Rents boom as listings dry up

Domain has released is Q4 Rental Report, which shows that house rents nationally surged by 7.4% across the capital cities in 2021, with all cities other than Melbourne recording strong growth:

Capital City Dec-21 Sep-21 Dec-20 QoQ YoY
Sydney $600 $580 $550
+3.4%
+9.1%
Melbourne $445 $430 $440
+3.5%
+1.1%
Brisbane $480 $460 $425
+4.3%
+12.9%
Adelaide $450 $440 $410
+2.3%
+9.8%
Perth $460 $450 $415
+2.2%
+10.8%
Hobart $500 $495 $460
+1.0%
+8.7%
Canberra $675 $645 $600
+4.7%
+12.5%
Darwin $600 $620 $550
3.2%
+9.1%
Combined Capitals $499 $483 $465
+3.4%
+7.4%
Source: Domain

Separate data from PropTrack shows that rental growth has been even stronger across the regions, where rents rose by 10.5% in 2021:

Regional rents in 2021 grew strongly across all markets other than the Northern Territory:

Meanwhile, rental yields fell sharply in 2021:

As of December 2021, gross rental yields for residential property nationally were recorded at 4%, which was down from 4.3% a year earlier.

Rental yields across the combined capital cities were much lower (3.8%) than those across the combined regional areas (5%), with both having recorded a fall in yields of 0.2 percentage points over the past year.

Gross rental yields nationally for houses (3.8%) are much lower than they are for units (4.1%), with both having seen falls in yields – 4.1% and 4.4% respectively – a year ago.

As is the case with rents, rental yields are seeing significant divergences among the different capital cities and rest-of-state areas.

Sydney and Melbourne are the only areas where gross rental yields are currently below 4%, while regional South Australia, regional Western Australia, Darwin and regional NT have rental yields in excess of 6%.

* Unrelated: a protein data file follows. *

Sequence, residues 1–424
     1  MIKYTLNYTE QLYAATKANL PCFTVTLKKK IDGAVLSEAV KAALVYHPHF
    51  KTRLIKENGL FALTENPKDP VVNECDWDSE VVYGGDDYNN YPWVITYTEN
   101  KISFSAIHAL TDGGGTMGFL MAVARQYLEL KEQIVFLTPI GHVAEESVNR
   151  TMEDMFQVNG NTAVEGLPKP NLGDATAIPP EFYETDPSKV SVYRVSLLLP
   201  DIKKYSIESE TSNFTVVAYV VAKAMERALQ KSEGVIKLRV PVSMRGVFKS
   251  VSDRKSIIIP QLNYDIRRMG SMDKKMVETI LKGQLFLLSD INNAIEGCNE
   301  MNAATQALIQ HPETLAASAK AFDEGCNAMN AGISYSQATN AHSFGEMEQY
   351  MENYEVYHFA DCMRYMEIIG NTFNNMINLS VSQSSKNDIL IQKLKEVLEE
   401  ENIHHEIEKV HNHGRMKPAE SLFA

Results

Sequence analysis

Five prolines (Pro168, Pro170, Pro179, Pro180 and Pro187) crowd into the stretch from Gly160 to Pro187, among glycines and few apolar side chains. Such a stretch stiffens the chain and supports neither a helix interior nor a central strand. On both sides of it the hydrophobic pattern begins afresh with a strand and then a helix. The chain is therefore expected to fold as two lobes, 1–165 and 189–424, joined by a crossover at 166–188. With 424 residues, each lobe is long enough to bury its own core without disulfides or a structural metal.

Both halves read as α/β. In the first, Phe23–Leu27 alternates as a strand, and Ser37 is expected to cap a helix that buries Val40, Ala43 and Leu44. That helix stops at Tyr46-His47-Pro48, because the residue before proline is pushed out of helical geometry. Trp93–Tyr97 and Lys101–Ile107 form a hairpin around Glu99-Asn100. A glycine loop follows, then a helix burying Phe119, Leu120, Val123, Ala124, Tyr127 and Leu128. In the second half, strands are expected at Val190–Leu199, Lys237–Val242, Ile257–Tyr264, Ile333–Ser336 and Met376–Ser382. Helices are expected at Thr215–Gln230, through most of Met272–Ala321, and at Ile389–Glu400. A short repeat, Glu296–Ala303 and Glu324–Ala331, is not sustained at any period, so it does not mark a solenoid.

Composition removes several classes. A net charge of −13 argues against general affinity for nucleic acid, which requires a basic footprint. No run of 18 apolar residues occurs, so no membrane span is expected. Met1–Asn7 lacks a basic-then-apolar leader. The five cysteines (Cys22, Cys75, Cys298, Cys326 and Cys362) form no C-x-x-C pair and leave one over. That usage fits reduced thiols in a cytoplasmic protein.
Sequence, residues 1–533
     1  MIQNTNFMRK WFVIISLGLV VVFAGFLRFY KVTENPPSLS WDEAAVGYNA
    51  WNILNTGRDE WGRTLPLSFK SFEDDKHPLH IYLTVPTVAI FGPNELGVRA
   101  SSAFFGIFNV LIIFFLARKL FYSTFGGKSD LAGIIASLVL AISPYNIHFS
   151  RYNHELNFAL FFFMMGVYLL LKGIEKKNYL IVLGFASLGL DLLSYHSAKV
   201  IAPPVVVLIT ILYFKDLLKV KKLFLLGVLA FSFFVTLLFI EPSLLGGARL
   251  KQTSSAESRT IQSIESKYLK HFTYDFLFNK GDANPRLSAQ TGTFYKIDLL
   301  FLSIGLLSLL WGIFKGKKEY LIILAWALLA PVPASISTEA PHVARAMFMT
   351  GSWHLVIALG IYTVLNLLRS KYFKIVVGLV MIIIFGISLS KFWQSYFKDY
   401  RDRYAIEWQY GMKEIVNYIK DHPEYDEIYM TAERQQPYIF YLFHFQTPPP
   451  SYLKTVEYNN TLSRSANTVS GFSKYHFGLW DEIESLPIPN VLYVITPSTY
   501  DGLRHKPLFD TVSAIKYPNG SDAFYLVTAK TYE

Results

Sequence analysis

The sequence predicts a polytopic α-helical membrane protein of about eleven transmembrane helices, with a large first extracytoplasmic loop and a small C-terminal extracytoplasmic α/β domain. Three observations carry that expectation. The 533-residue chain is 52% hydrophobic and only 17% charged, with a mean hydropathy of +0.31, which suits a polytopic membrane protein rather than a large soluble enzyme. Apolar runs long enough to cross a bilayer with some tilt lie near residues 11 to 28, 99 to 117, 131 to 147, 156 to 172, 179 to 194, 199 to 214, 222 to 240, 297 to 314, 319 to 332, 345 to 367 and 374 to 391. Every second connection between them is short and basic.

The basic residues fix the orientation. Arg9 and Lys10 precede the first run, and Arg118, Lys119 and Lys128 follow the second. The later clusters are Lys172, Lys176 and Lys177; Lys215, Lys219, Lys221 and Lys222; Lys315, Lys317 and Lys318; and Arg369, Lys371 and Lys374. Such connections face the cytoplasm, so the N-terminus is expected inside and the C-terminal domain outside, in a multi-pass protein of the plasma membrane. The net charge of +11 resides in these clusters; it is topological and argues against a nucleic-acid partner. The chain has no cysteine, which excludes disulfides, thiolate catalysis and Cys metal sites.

New and total rental listings fell sharply in 2021, which helped fuel the rental inflation:

New rental listings in December 2021 were 13.2% lower year-on-year, with falls of 14% in capital city markets and 10.3% in regional areas.

Across the individual capital city and rest-of-state areas, new rental listings have recorded the largest year-on-year falls in regional WA (-26.9%), Melbourne (-19.3%) and regional SA (-18.9%), while the only regions to record increases were Darwin (12.1%), regional NT (13.4%) and Canberra (5.8%).

Total rental listings in December 2021 were the lowest they’ve been since April 2004. Regional rental listings fell by 13.6% year-on-year in December 2021, while combined capital city rental listings were 20.5% lower.

All capital cities and rest-of-state regions have recorded a year-on-year fall in total rental listings, except Darwin (18.8%) and Canberra (2.1%). The total number of rental listings has recorded the largest year-on-year falls in regional WA (-30.3%), Melbourne (-25.8%) and Hobart (-23.5%).

Finally, the dearth of supply and increased competition from tenants has seen properties leasing quickly:

Nationally, the median days on site for a rental property was recorded at a historic low of 21 days in December 2021.

At the same time a year ago, the days on site metric was only slightly higher at 23 days. What is quite astonishing about this result is the two cities with the most rental properties, Sydney and Melbourne, are seeing rental days on site that are much higher than their historic lows.

Throughout the capital city and rest-of-state areas, rental days on site are at historic lows in Brisbane, Adelaide, Perth, Hobart, Canberra, regional NSW, regional Queensland, regional WA and regional Tasmania.

Sydney and Melbourne are the only two regions in which the days on site metric is 25 days or higher, while all other markets except for Darwin have a rental days on site that is less than 20 days.

I tip that rental growth will remain strong in 2022, driven by the return of international students and mass immigration. The impact will be felt most in inner city apartment markets (especially Melbourne and Sydney), which are typically rented by international students.

Unconventional Economist
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